Forman Speaks Out

The government's first E-administrator, now a VP at startup Cassatt Corp., tells InformationWeek how the government's IT operations have progressed and why he went to a startup.

InformationWeek Staff, Contributor

October 1, 2003

4 Min Read

Mark Forman, as the top IT executive in the federal government for more than two years, often said that government needed to emulate business as it tried to catch up in the use of technology to meet the needs of its various constituents.

Ending a self-imposed seven-week silence since stepping down as the federal government's first E-administrator in mid-August, Forman says the government has not only met but in many instances has surpassed most businesses in developing an enterprise architecture aimed at simplifying computing in large organizations. "The federal government isn't two years behind business any more," says Forman, who has joined Cassatt Corp., an enterprise software startup, as executive VP of worldwide services.

Forman's remarks came in a wide-ranging telephone interview Tuesday from his new office in Menlo Park, Calif., in which he addressed not only advances in government IT, but congressional failure to fully fund Bush administration E-government initiatives, the departure of other key government IT leaders, and why he joined Cassatt.

In terms of deploying Web services, Forman says the federal government's efforts are on par with 70% to 80% of corporate IT organizations, trailing only the 5% to 10% of top-tier IT users in corporate America. He cites the government geospatial portal,, as a leading-edge example of Web services.

In implementing IT security, Forman contends that the federal government is way ahead of most companies. "The federal government has put in place a real, defined process that you find in only a few companies," he says. "Most companies aren't doing annual gap analysis."

The failure of Congress to fully fund the administration's E-government initiatives he championed as the government's CIO has proven to be advantageous. "One of the well-kept secrets on the E-government initiatives is that by not centralizing funding, Congress made it easier to drive cooperation among the agencies," he says. "You can't have any better tool to manage change to drive consolidation than people giving money to consolidate. That was helpful."

Forman says he doesn't know if a brain drain is occurring in the federal government, but he's not too worried. Soon after Forman's departure, Norman Lorentz, the Office of Management and Budget's chief technology officer and acting E-administrator, announced his resignation to return to the private sector. In recent months, some key IT managers--including several that oversee E-government initiatives--have left. "I have a theory about Washington: People jump in to fill a vacuum," Forman says. He notes his replacement as E-government administrator, former Energy Department CIO Karen Evans, has been working on E-government initiatives since the Clinton administration, when, as an IT executive at the Justice Department, she helped standardize grant-management applications. "We developed a team, a culture, so that when a leader leaves, new folks come in who can take over," he says.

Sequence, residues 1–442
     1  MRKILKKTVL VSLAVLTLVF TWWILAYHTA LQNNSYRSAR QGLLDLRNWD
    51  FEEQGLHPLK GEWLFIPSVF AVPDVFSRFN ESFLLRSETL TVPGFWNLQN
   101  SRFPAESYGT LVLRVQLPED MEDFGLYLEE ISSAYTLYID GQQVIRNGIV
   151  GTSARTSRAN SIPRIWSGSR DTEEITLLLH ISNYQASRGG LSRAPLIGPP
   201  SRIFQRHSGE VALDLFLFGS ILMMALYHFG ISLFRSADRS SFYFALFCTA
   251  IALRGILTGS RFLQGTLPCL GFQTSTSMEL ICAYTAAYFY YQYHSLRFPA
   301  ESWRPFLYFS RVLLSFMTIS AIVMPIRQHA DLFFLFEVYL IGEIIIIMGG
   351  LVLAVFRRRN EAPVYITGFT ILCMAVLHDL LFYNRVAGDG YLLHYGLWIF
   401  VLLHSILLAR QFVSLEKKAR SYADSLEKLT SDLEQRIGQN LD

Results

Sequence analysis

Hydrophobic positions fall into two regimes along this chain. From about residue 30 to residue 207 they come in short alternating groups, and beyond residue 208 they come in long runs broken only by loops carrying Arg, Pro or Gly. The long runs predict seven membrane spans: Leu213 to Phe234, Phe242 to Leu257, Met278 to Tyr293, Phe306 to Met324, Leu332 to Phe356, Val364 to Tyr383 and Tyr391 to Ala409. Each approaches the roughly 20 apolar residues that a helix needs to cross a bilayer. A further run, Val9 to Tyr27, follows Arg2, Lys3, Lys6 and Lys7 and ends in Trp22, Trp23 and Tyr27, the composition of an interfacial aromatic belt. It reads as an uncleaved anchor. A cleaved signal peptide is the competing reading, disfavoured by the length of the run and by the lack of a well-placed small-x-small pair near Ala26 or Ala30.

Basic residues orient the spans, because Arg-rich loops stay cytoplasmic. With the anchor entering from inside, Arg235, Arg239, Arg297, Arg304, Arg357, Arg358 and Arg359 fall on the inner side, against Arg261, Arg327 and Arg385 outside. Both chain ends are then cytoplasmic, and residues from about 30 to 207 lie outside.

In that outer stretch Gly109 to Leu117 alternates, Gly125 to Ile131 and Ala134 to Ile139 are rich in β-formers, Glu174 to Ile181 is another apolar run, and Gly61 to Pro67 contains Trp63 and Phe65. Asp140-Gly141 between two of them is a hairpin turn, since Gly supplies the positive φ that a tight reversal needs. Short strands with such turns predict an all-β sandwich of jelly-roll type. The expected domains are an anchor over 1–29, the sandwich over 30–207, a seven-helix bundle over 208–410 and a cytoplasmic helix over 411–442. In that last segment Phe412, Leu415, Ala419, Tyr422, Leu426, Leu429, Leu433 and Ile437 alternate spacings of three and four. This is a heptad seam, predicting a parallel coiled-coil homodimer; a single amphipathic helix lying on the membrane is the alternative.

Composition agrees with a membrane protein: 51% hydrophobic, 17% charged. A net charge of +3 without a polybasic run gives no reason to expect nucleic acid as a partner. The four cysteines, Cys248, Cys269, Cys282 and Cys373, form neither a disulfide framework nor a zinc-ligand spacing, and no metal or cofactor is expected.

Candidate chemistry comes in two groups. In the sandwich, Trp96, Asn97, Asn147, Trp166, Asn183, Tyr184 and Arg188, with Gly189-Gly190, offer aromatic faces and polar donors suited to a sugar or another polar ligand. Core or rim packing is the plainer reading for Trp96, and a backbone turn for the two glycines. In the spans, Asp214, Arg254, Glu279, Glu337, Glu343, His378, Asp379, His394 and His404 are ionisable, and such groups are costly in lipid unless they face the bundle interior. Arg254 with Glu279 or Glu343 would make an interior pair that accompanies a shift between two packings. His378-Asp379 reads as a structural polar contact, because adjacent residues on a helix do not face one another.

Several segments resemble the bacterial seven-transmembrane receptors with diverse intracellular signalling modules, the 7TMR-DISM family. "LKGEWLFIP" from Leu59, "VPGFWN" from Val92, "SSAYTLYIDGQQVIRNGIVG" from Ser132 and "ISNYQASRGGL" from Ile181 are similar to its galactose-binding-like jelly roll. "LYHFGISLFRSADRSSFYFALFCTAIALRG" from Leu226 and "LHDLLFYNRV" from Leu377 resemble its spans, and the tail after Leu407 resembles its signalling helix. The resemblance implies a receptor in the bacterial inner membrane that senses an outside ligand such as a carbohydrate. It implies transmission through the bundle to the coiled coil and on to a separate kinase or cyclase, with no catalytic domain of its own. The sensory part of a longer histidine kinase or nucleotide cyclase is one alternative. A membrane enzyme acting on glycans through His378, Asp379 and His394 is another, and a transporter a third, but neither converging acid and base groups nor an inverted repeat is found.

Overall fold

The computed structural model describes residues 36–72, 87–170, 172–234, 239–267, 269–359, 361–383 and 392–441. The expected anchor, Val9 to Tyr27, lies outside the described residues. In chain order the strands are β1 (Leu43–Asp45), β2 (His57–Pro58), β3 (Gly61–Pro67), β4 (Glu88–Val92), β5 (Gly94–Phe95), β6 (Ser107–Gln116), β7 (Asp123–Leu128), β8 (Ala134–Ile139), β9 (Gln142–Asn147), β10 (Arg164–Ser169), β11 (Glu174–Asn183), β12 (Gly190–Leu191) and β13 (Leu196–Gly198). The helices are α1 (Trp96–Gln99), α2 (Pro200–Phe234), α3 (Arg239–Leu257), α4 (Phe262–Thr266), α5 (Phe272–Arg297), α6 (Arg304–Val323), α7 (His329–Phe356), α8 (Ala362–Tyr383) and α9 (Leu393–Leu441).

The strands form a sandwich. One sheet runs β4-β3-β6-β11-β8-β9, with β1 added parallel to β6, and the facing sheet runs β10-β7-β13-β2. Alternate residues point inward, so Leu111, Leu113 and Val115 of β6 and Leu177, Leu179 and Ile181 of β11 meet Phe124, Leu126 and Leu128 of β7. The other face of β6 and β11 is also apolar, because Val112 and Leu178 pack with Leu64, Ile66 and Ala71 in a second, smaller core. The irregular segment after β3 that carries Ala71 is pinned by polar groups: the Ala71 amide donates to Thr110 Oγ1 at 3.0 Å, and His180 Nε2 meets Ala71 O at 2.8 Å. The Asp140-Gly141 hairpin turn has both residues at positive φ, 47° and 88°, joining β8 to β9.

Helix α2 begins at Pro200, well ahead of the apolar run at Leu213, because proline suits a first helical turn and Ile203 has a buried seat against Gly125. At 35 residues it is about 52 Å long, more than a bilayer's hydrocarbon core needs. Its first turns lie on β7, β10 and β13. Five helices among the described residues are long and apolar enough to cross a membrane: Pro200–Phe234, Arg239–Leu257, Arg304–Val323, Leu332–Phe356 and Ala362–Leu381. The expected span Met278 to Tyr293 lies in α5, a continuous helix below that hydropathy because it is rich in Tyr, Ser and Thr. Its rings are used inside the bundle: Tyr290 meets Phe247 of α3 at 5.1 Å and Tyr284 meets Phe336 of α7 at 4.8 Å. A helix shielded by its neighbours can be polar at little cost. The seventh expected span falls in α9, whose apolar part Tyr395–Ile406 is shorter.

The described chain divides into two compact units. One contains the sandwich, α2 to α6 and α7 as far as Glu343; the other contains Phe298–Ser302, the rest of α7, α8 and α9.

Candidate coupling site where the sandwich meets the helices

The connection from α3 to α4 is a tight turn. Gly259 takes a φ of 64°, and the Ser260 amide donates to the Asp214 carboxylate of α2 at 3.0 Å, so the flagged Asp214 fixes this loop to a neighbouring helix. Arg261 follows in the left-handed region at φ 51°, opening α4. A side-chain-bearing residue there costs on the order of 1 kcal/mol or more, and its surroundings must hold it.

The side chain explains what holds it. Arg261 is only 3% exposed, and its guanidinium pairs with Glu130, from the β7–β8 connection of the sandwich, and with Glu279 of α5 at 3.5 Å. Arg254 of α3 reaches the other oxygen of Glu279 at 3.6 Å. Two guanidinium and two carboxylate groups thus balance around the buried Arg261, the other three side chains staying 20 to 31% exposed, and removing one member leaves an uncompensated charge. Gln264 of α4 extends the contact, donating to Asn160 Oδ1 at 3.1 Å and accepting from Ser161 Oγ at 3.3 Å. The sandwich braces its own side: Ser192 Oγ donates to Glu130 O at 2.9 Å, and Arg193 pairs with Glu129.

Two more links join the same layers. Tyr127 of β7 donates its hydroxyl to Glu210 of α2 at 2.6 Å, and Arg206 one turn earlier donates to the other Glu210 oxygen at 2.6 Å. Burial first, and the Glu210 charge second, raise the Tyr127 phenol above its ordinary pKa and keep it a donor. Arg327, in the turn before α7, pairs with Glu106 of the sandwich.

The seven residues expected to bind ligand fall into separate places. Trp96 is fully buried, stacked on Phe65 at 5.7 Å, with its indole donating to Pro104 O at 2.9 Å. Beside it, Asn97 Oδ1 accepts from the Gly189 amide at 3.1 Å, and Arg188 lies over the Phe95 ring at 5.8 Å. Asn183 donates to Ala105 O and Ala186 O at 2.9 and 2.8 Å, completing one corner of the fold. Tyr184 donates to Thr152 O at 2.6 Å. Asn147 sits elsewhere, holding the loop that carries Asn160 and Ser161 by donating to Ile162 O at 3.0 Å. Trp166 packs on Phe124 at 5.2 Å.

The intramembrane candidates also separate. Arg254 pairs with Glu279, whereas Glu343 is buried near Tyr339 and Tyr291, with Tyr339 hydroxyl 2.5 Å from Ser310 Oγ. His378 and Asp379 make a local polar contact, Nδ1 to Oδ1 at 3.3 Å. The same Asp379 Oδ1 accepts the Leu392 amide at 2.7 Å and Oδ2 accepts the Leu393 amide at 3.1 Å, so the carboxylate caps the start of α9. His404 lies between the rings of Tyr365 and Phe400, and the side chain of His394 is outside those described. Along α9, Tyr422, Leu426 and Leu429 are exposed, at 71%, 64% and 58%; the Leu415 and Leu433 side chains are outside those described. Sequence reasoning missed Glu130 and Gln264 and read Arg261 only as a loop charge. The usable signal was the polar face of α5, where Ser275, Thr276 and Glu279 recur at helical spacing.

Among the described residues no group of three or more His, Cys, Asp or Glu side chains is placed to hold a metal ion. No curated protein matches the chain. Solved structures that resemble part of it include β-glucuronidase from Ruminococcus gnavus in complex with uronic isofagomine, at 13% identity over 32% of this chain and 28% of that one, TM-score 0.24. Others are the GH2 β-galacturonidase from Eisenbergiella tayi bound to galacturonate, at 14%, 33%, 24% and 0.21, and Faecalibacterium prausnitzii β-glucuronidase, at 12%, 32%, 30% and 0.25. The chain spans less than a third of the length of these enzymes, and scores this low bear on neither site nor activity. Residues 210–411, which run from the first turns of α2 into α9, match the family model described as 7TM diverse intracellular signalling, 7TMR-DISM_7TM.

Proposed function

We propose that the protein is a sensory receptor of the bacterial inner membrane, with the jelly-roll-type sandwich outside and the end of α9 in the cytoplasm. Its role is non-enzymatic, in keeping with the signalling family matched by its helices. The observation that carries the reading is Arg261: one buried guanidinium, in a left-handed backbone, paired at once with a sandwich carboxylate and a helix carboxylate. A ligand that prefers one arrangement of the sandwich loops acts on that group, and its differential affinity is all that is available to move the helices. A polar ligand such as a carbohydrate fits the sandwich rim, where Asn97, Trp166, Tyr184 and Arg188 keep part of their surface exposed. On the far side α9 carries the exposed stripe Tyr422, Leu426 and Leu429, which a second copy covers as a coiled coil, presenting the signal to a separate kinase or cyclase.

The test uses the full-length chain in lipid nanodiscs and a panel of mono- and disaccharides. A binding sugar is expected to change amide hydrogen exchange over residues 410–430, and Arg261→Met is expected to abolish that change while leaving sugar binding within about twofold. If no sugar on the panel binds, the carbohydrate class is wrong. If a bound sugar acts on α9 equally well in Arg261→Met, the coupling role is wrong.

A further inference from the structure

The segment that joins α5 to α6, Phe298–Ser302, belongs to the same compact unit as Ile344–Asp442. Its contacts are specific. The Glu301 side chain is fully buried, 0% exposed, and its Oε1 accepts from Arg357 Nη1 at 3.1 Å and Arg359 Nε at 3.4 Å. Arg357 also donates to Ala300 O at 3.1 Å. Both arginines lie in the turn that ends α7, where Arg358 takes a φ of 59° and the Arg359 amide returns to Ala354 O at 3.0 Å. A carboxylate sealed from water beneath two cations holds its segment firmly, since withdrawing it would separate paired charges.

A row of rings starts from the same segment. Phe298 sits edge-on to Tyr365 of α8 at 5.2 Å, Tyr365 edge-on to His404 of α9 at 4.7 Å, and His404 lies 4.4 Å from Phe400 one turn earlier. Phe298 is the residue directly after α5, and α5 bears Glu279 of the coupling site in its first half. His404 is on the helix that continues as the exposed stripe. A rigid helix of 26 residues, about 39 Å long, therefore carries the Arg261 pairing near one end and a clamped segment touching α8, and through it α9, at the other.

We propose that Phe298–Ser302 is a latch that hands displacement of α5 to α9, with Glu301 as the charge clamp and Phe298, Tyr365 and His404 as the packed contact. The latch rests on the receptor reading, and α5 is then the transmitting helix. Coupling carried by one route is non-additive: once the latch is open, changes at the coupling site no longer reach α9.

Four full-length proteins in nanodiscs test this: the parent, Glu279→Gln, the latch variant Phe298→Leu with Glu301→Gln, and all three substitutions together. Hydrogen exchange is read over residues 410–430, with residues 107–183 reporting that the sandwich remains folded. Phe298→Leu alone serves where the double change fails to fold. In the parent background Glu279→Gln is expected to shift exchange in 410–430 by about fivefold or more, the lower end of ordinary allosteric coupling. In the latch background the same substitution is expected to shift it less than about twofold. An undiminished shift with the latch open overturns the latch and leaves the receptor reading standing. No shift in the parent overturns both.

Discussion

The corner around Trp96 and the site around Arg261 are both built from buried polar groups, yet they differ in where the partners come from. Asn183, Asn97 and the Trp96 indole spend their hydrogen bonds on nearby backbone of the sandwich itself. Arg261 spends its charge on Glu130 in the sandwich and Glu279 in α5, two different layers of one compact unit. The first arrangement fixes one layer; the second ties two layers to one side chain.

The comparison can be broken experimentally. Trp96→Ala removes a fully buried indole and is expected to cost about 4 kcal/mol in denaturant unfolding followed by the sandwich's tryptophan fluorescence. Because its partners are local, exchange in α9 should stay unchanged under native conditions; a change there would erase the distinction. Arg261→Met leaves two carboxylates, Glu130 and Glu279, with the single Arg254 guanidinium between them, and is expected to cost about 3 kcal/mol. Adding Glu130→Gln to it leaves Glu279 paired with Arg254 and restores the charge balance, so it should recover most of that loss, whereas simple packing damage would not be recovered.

Forman says his departure had nothing to do with the resignation months earlier of his boss, then-OMB director Mitch Daniel, who left to run for governor of Indiana. Yet, when Daniel announced his resignation, unsolicited job offers began cascading to Forman on the assumption he, too, was ready to leave. "When Mitch announced he was leaving, I went to one dinner, and I felt that I had a 'For Sale' sign on my head," Forman recalls.

The reason Forman, 45, gave for his resignation was that he needed to earn more than the $142,500 a year he made as E-administrator. He wouldn't say how much Cassatt is paying him.

Cassatt CEO Bill Coleman approached Forman early this summer. As the government's top IT executive, Forman had tried to recruit Coleman, former CEO at BEA Systems Inc., for a White House IT policy job. Forman wasn't successful in his recruitment effort, but Coleman turned the tables on the E-administrator, and the two began discussing Forman joining Cassatt.

Cassatt will offer products and services surrounding autonomic computing that let enterprise systems configure themselves to changing conditions and are self-healing in the event of a failure.

Why Cassatt, a Silicon Valley startup, and not some other company? Autonomic computing is closely tied to enterprise component-based architecture, something Forman has advocated as a government official and as an executive at IBM and Unisys, where he worked earlier in his career. He says he could use his expertise while broadening his horizons beyond government to help develop a product that could help many types of organizations.

Forman says Cassatt will target the government market, but as executive VP for worldwide services, he'll be less involved in selling than in advising customers on how to develop solutions. "My job isn't convincing them but to help them understand the opportunity out there," he says.

Forman, who also serve as Cassatt's CIO, says working for a startup avoids any potential conflict-of-interest charges. "One of the things that's important to me is business ethics, personal ethics," he says. "Nobody can claim I was going to a company in which I had any influence over while I was in government. It's a new company."

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